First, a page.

By Steve Brennan
By Ashley Zimmerman
By Michele Eve Sandberg
By Abel Folgar
By Ashley Zimmerman
By New Times Staff
By Abel Folgar
By Laurie Charles
Gabriel Fain has a superhuman ear for detail. You can hear it foremost in his euphoric, voluptuous house music sets at places like Voodoo Lounge and Club Space in downtown Miami. But you can also hear it in his speech, in the careful way the Israeli-born DJ uses metaphor to tell a story.
"It was like when you're running a race, and you're winning, you're the winner. You're number one. And then, wait, wait -- stop. Holding you back."
His outstretched arm halts the air in his North Bay Village penthouse apartment. The place is bare because Fain hates furniture.
"And you wait and you wait and you wait. And you're like, 'Come on, let me continue.' But no."
He's a stocky guy, dark-complected, wearing faded jeans and white sneakers. He looks more like an athlete in the offseason than one of South Florida's most spectacular turntable talents. He shakes his head, remembering.
"And I suffered so much from that."
"That" was the moment when Fain's steep ascent through South Florida's club scene was cut down cold. In less than two years, Fain had risen from an unknown immigrant working restaurant jobs and hustling gigs to spinning records for 5,000 revelers in one of the most illustrious dance clubs in America. By the summer of 2003, Fain ruled the patio of Space, spinning after-hours sets on Saturday mornings to chemically enhanced dancers in what seemed like never-ending sunshine. The residency at Space -- the platinum ring for any star-eyed, working DJ -- lasted two months.
Then he surrendered himself to the DEA and went to federal prison.
The first time Fain flipped a record was in 1987. A fresh-faced 14-year-old, he worked as a bar back at a club called Palladium II in Haifa, the northern Israeli town where he was born. He'd learned the fundamentals of turntable technique from watching a smooth-operating DJ named Sam Atari. Atari often left the booth in Fain's hands while he went cavorting with lady friends.
"One night, Sam Atari is like, 'Gabby, I'm busy. Put on a few records,'" Fain recalls. "The club is packed, everyone's in their 20s, 30s. And you know, I'm not a DJ, I'm a 14-year-old kid; I just liked to watch him. But I used to have a few tracks that I put on -- Madonna, Rick Astley, Jason Donovan -- before his sets, when the club was empty. So I just have these ten vinyls that I played, and I thought he was gonna come back. But he never showed up. And I didn't know what to do, so I played these ten vinyls again."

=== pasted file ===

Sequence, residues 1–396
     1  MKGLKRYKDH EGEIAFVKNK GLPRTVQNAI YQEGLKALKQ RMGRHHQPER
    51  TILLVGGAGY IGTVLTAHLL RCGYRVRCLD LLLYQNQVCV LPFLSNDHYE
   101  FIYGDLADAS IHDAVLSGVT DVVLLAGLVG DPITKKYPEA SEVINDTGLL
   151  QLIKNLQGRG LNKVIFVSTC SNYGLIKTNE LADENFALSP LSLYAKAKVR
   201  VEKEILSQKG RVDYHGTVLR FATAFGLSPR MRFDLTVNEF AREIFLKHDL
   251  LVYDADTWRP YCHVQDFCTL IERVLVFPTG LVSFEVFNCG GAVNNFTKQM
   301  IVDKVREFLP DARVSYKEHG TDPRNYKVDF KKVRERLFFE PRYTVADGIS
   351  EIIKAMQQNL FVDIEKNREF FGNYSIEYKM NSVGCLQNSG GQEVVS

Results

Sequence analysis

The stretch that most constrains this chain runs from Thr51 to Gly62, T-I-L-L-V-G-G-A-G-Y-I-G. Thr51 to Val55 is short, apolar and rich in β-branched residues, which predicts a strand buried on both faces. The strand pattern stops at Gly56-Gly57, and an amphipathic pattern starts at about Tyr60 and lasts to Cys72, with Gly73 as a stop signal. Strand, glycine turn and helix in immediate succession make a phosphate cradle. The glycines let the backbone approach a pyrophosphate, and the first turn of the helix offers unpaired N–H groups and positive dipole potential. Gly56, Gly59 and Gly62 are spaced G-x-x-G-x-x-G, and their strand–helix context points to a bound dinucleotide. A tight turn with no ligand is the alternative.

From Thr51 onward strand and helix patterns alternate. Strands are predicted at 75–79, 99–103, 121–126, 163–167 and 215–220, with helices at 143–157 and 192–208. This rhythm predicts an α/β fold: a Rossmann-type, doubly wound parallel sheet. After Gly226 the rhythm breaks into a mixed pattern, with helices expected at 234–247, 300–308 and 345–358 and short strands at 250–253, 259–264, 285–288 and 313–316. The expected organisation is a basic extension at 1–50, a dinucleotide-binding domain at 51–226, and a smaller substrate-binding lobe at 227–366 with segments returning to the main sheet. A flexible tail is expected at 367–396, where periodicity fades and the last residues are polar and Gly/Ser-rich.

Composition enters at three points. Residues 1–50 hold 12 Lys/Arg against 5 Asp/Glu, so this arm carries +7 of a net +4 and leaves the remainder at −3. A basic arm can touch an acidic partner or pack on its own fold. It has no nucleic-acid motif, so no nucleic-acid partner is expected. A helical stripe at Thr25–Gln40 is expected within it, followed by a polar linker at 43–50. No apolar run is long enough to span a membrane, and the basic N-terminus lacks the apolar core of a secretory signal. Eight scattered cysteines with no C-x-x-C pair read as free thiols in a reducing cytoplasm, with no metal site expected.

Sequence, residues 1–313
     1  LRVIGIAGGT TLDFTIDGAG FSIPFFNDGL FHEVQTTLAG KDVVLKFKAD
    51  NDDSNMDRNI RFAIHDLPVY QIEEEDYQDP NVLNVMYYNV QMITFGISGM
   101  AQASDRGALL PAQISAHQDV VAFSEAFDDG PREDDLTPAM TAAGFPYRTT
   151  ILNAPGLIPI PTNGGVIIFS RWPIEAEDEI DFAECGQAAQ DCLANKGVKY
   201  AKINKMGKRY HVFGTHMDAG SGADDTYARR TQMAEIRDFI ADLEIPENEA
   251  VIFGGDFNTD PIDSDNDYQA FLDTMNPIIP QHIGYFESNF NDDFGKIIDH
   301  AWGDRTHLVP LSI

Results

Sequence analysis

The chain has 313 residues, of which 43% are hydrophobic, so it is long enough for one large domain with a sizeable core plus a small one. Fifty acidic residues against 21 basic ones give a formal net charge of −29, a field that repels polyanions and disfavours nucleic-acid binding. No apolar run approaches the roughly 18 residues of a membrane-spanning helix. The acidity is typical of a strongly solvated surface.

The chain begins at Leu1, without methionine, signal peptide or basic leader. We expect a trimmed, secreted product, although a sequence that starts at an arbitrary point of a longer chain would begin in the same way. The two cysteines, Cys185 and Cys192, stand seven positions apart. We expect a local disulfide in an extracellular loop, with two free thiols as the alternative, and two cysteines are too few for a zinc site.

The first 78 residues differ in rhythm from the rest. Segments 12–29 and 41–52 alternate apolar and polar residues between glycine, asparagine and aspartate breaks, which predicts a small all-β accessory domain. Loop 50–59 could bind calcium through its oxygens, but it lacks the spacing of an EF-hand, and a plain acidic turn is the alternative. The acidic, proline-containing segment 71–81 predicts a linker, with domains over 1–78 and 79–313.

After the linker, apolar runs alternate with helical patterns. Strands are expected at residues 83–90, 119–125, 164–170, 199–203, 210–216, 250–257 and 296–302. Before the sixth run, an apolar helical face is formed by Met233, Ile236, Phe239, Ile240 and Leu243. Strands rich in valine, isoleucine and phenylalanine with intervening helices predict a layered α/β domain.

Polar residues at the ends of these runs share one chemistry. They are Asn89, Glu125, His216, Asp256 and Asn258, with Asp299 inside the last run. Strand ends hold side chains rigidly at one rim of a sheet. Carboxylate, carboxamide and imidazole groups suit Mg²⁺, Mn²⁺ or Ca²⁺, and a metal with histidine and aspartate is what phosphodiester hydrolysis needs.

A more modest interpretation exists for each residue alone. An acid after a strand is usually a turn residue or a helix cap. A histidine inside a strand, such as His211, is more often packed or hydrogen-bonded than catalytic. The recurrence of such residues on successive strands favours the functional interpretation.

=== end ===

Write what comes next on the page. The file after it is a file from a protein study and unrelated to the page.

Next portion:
Even though he could barely see over the DJ booth, Fain managed. Then the club owner gave him an early slot, spinning for teenagers before the adults came in at midnight. Fain was hooked. He played at Palladium II and other spots around Haifa until his mandatory turn in the army when he was 18 years old. In 1992, while still an infantryman, he became a devotee of Tel Aviv's legendary Allenby 58 disco. There, he graduated from pop music to the house beats of gurus like Tony De Vit and Deep Dish.
"I discovered, wow, like this 4,000-person club, and I was like, you gotta be kidding me. Four thousand people and one guy [the DJ] way over there, banging, banging. And I'm like, 'That's it.' That's what I wanted to do."
For the next few years, Fain bounced back and forth between the megaclubs of Tel Aviv and his own modest club residency in Haifa. He traveled in Europe and visited Chicago, he says, scoring records wherever he went. Absorbing new music was -- and still is -- his primary motivation.
He tells another story from the not-so-distant past to explain his bottomless thirst for fresh sounds.
"I have asthma, and I don't have money to buy medicine. And my mother gives me some money to buy medicine. And on the way to the doctor, [the record store] calls, 'Hey, we got music in, and there's a brand new remix of Satoshi Tomiie.' 'Oh bro, but I'm sick.' 'OK, OK, we're just letting you know.' And so I make a U-turn and go buy music. And I don't tell nothing to my mother that I spent the money from my medicine on the music. And the weekend comes and I'm fucking sick and I'm still gonna go play. And I have the best music. That's all that matters."
The music mattered enough to inspire Fain to move to South Florida. In September 2001, Fain came to the area early for the Winter Music Conference. The plan was archetypal -- to figure out the scene, work his way up, and make the big time. An experienced international clubber, he knew the venues, he knew the music, and he knew he could do it.
"That was the plan," he says. "Come to Miami, to somehow -- don't ask me how; I had nothing here, no friends, no contacts -- two to three years, make it happen."
And it worked perfectly. Fain's ambition and outgoing nature carried him as far as his immaculate, crowd-pleasing deep-house sets. His after-hours dance marathons started out deep underground and gradually grew in size and reputation. To say he rose through the scene doesn't fairly indicate the drive with which Fain approached his work.